The growing variation in mortgages is making it possible for home buyers to customize loans to suit their needs. With greater opportunities, however, comes confusion. A question that often arises is what type of mortgage is better – a 15-year or a 30-year?
With a 15-year mortgage loan, the interest rate is usually lower than a 30-year mortgage. The advantage of a 15-year loan is that it allows you to build equity (the portion of your home that you own without debt) faster, and it also lowers the amount of interest paid over the loan term. However, 15-year mortgage loans do have a higher monthly payment. Most people opt for 30-year mortgages because they need to spread loan payments over the longer time period to afford them.
The difference in payments and overall savings between a 15-year fixed-rate loan and a 30-year fixed-rate loan depends on the interest rate and the loan amount. Using a $100,000 loan and 7.25% interest rate as an example, monthly payments on the 15-year note would be $912.86. Monthly payments on a $100,000 loan at 7.25% fixed for 30 years would be $682.18.
The 15-year mortgage offers the opportunity to save considerable money over the life of the loan, since the period of amortization is half that of the 30-year note. This means that the total interest paid on a 15-year mortgage as compared to a 30-year mortgage is significantly less.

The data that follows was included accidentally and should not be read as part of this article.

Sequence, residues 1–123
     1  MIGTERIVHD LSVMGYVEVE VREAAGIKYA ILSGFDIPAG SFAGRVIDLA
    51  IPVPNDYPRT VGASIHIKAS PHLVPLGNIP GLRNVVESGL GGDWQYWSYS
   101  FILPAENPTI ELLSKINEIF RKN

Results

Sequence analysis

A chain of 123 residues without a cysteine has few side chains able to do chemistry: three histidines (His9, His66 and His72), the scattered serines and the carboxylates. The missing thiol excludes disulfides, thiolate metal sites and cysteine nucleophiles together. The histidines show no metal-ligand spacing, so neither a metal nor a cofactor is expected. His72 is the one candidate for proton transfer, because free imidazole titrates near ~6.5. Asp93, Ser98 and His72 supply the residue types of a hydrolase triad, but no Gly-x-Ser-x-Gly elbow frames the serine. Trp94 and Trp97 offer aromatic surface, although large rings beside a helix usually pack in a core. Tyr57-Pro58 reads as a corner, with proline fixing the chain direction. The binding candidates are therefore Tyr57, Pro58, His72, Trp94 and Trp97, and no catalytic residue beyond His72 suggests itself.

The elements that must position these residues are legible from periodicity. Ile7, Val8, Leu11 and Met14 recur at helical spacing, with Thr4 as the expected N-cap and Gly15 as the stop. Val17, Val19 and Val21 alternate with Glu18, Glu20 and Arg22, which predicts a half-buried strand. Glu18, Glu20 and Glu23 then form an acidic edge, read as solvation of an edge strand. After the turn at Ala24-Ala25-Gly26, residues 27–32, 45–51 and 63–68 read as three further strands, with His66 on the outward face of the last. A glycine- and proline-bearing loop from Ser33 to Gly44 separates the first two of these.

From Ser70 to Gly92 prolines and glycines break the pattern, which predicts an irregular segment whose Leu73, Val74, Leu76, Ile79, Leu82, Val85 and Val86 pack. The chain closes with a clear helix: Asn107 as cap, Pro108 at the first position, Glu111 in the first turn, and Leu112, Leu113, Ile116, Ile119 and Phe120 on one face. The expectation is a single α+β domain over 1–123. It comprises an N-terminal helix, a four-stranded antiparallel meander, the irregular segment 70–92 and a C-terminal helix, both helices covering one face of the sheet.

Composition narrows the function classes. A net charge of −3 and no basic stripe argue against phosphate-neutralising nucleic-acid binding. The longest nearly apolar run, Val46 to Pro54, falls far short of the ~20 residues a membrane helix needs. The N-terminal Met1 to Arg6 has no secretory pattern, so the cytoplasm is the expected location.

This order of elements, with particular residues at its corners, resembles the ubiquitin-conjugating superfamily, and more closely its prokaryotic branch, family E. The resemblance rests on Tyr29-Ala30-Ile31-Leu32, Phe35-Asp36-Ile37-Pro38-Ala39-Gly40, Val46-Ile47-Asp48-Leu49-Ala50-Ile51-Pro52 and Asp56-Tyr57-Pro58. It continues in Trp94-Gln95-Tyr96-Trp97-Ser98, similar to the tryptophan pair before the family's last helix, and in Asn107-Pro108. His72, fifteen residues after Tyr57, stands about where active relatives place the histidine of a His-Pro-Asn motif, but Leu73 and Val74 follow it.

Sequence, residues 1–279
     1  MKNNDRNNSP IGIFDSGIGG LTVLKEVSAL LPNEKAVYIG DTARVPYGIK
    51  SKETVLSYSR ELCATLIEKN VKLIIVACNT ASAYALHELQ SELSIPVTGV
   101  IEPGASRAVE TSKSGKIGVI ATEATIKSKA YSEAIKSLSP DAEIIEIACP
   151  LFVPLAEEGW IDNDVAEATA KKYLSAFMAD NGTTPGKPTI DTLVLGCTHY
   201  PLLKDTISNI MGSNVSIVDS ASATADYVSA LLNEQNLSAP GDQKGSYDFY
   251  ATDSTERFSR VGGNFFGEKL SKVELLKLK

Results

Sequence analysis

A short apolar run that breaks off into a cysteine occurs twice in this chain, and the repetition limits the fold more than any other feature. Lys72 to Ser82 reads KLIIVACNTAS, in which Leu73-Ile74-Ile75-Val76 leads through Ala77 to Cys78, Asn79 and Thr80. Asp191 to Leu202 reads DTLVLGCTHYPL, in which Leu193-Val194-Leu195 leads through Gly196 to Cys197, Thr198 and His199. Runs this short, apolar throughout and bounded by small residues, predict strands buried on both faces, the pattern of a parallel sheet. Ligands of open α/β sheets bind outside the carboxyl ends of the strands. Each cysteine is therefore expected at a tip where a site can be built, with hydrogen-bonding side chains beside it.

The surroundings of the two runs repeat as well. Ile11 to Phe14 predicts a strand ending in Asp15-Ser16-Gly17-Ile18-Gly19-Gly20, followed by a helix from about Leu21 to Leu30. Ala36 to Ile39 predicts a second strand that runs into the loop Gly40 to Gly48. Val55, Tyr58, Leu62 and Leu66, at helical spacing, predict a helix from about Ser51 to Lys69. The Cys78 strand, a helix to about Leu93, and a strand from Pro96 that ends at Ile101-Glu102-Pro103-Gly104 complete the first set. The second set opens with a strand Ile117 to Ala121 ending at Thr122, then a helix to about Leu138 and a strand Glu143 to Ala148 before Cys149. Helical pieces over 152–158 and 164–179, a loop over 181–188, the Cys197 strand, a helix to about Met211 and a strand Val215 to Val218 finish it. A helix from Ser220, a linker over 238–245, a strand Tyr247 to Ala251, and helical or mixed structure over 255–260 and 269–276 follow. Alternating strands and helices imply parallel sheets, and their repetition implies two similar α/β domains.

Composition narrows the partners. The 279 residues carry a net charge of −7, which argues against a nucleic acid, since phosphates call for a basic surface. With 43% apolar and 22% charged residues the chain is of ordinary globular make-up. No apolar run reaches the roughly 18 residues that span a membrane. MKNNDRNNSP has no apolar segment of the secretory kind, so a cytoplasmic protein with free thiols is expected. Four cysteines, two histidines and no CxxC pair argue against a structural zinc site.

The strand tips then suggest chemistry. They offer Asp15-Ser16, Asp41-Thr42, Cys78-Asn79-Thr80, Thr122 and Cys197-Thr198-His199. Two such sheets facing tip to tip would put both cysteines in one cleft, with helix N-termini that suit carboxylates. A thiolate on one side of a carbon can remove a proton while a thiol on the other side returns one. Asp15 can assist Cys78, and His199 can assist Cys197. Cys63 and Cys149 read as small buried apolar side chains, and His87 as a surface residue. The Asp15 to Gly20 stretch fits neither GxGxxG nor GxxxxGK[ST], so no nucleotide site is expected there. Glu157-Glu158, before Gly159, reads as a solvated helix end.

However, calculating the overall savings of the 15-year mortgage over the 30-year mortgage depends on several individual circumstances, such as the borrower’s changing income status.
Even if you qualify for a 15-year mortgage that you can pay off faster, you risk locking yourself into higher monthly payments. If your finances worsen or your property declines in value, you may fall behind in payments and have trouble qualifying for a refinance.
If you’re buying a home to live in for at least 20 years, get a 15-year fixed-rate mortgage. You’ll save an average of one-half point on the interest rate. By paying a few hundred dollars more per month, you could save more than $100,000 on finance charges over 30 years.
If you’re stretching a bit to buy the home, get a 30-year mortgage. If your circumstances improve, consider prepaying it so you’ll discharge the debt in 15 or 20 years. Some loans have prepayment penalties, so be make sure that your particular loan does not.